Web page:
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In 1931, Hollywood was on the brink of collapse. The coming of sound andthe stock market crash had put the film capital in a perilous state, andmost studios were experiencing severe financial difficulties. Conventionalwisdom dictated a return to old-fashioned entertainment, but independentproducer Samuel Goldwyn was never one to bow to the dictates of themarketplace. Instead, he decided to take a stab at prestige by paying$150,000 for the film rights to Street Scene, Elmer Rice's Pulitzer Prize-winning playdepicting the events of two days in a New York tenement. Little happensuntil the ending, when a jealous husband kills his wife and her lover.Until then, the tenants complain about the heat and argue about politicswhile their children dream of a better world to come. It sounded like arecipe for disaster, but it wasn't. Thanks to sound judgment and a littlegood luck, Goldwyn produced a film that brought him not only laudatoryreviews but also a surprisingly strong showing at the box office.
The luck came with the casting. Goldwyn had hired eight actors from theoriginal stage cast -- including Beulah Bondi and John Qualen, who would goon to notable careers as character actors -- but his associates suggestedhe throw in some prettier people to draw the crowds. Initially he hadsought Paramount Pictures' top leading lady, Nancy Carroll, to play theyoung Irish girl whose dreams are shattered when her father kills hermother. The deal was all but signed when Paramount's managing director,B.P. Schulberg, informed Goldwyn that Carroll was no longer available. Itwasn't that he had other plans for her, but he had other plans for anewcomer who had quickly become his protge -- and his mistress.
Young Sylvia Sidney was new to the screen. She'd started on stage, made a fewminor films, then returned to New York disgusted with Hollywood. Shescored a hit on Broadway in Bad Girl, in which Schulberg spottedher. At his wife's urging, he signed her to a contract. Her firstParamount film, the crime drama City Streets (1931), was a huge hit thatset her on the road to stardom as one of the decade's most appealing socialvictims. In the end, she turned out to be perfect casting for StreetScene.
Where Goldwyn's good judgment paid off was in his choice of talent behindthe cameras. Chief among them was director King Vidor, whom Goldwyn hiredfor his expertise at handling social issues in such films as The BigParade (1925), The Crowd (1928) and Hallelujah (1929). Vidor had been one of the first directors to move the camera after the arrival of talkingpictures, which was also excellent preparation for adapting the one-setplay. The obvious temptation with Street Scene would have been toopen the play up with scenes in the apartments and other parts of the city.But Vidor realized that the play's single setting outside the apartmentbuilding was one of its greatest strengths. The closest he came to openingup the film was when he pulled the camera back further to add the streetitself to the scene, something that had been lacking in the Broadwayproduction. But to keep the film from being static, he worked withcameraman George Barnes to find innovative ways to move and place thecamera. As a result, he never used the same setup twice.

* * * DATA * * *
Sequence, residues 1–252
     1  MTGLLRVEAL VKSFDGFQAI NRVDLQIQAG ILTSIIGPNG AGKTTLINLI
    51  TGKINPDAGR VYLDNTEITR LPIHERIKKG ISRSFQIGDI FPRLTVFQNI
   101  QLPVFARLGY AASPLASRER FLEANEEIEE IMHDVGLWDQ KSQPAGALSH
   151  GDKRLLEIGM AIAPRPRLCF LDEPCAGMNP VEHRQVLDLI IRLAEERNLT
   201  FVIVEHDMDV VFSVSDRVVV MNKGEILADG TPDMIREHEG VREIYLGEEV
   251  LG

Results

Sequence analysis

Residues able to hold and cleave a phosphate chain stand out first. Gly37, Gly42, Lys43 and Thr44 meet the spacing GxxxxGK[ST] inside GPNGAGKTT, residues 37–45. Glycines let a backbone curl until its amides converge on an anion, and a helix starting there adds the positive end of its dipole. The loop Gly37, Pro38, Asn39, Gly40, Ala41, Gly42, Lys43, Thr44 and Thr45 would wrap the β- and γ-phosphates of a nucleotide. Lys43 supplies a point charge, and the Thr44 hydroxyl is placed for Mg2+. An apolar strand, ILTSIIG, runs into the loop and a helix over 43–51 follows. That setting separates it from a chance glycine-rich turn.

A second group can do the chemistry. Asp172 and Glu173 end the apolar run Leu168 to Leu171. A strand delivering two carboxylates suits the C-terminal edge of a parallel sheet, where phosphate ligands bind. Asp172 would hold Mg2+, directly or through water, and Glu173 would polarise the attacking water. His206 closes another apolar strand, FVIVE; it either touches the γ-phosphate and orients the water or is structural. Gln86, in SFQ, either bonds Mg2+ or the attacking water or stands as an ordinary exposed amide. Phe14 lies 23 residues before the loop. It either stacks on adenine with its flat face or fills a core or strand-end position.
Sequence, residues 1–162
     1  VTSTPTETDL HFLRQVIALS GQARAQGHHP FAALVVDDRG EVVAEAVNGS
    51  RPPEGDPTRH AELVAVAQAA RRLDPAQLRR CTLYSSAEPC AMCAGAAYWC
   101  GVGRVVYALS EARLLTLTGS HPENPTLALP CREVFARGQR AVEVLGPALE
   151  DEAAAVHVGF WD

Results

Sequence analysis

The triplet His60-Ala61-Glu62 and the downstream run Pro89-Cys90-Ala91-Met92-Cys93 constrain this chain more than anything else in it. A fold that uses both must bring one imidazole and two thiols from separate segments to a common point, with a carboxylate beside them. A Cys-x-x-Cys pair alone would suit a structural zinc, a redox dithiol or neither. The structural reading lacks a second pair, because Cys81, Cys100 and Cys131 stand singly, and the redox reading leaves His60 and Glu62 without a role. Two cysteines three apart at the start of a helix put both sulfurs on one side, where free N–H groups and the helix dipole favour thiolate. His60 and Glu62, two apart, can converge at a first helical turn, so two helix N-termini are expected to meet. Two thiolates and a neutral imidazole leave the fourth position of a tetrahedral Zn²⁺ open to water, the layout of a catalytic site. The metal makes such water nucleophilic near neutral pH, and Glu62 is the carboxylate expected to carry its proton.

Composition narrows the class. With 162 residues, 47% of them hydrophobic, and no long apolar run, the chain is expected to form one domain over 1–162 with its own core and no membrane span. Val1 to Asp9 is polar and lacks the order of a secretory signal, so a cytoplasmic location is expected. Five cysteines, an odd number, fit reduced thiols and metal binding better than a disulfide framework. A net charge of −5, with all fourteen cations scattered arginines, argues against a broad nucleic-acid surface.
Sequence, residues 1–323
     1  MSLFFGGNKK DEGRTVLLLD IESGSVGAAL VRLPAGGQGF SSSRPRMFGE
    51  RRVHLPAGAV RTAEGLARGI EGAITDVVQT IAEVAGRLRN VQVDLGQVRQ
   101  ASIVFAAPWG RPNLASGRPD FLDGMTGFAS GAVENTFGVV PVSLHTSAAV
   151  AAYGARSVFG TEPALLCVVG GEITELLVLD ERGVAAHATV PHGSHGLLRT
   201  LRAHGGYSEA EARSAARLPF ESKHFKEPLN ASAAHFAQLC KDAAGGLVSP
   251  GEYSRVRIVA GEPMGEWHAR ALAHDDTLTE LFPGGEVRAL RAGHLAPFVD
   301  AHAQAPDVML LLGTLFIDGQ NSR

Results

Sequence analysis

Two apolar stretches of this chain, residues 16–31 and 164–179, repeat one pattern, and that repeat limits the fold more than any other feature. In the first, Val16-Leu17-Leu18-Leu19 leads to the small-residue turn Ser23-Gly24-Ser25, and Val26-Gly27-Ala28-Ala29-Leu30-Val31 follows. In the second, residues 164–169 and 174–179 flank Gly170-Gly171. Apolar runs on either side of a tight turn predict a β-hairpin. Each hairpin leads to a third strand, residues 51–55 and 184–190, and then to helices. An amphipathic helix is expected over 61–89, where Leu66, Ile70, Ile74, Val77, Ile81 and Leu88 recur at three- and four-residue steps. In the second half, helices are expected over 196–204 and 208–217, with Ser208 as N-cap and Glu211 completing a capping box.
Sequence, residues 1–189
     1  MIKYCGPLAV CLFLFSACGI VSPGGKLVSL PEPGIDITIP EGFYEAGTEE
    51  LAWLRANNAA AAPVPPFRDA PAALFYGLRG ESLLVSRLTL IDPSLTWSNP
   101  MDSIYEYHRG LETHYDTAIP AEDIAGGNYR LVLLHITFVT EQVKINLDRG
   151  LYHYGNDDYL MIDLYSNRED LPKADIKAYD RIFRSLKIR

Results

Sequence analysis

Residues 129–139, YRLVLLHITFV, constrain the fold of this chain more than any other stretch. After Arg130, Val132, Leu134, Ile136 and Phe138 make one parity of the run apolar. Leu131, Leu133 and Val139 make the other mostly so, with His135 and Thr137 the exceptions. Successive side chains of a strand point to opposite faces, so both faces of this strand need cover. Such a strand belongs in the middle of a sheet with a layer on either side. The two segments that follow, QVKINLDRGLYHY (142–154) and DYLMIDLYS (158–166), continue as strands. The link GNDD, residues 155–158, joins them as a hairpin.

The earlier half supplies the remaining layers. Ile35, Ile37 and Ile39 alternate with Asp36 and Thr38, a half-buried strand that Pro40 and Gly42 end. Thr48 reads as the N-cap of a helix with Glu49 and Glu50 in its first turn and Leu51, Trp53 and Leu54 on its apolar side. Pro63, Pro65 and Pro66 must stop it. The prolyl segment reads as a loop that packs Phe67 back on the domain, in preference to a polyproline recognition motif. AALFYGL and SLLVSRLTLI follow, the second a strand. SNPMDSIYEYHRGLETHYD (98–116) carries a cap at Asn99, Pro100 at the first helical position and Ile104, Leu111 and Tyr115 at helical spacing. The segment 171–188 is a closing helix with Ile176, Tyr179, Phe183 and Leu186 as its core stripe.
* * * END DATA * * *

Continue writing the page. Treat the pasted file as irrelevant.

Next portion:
To integrate the actors who were new to the material with those who haddone the show on Broadway, Vidor rehearsed the script for two weeks, withRice on hand to offer his insights. At the end of those two weeks, theyperformed the entire script for Goldwyn and invited guests to visit Richard Day'simpressive tenement set. Afraid that Goldwyn would think this was going tobe just another filmed play, Vidor whispered to him throughout therun-through to explain what he would do with the camera at certain points,but Goldwyn was so enthralled that he kept shushing him.
The only quarrel Vidor had with Goldwyn was over the soundtrack. StreetScene had been one of the first Broadway plays to include a score ofsound effects - specifically street sounds played throughout the performance. Vidor hadwanted to do the same thing with the film, but Goldwyn argued that talkingfilms were still enough of a novelty that the audience would think thestreet noises had been recorded by accident. Instead, he hired Broadwayconductor and composer Alfred Newman to create a background score, one ofthe first in film history. Newman attended rehearsals to scout out likelyplaces for musical accompaniment, then composed a score that would becomethe definitive musical depiction of life in New York City. As Newmanbecame one of Hollywood's most prolific composers, his Street Scenetheme would reappear in a dozen films, even serving as the overture forHow to Marry a Millionaire (1953).
Street Scene opened at New York's Rivoli Theatre on August 26, 1931,heralded by the most massive publicity campaign Goldwyn had everengineered. Sidney was so nervous that night she couldn't speak, but shewas called to the stage for several bows after the film. The picturefirmly established her as a major leading lady, while bringing Goldwyn thebest reviews of his career.
Producer: Samuel Goldwyn
Director: King Vidor
Screenplay: Elmer Rice, based on his play
Cinematography: George Barnes
Art Direction: Richard Day
Music: Alfred Newman
Cast: Sylvia Sidney (Rose Maurrant), William Collier, Jr. (Sam Kaplan), Max Montor (Abe Kaplan), David Landau (Frank Maurrant), Estelle Taylor (Anna Maurrant), Russell Hopton (Steve Sankey), Beulah Bondi (Emma Jones), Matthew McHugh (Vincent Jones), John Qualen (Karl Olsen).BW-79m.
by Frank Miller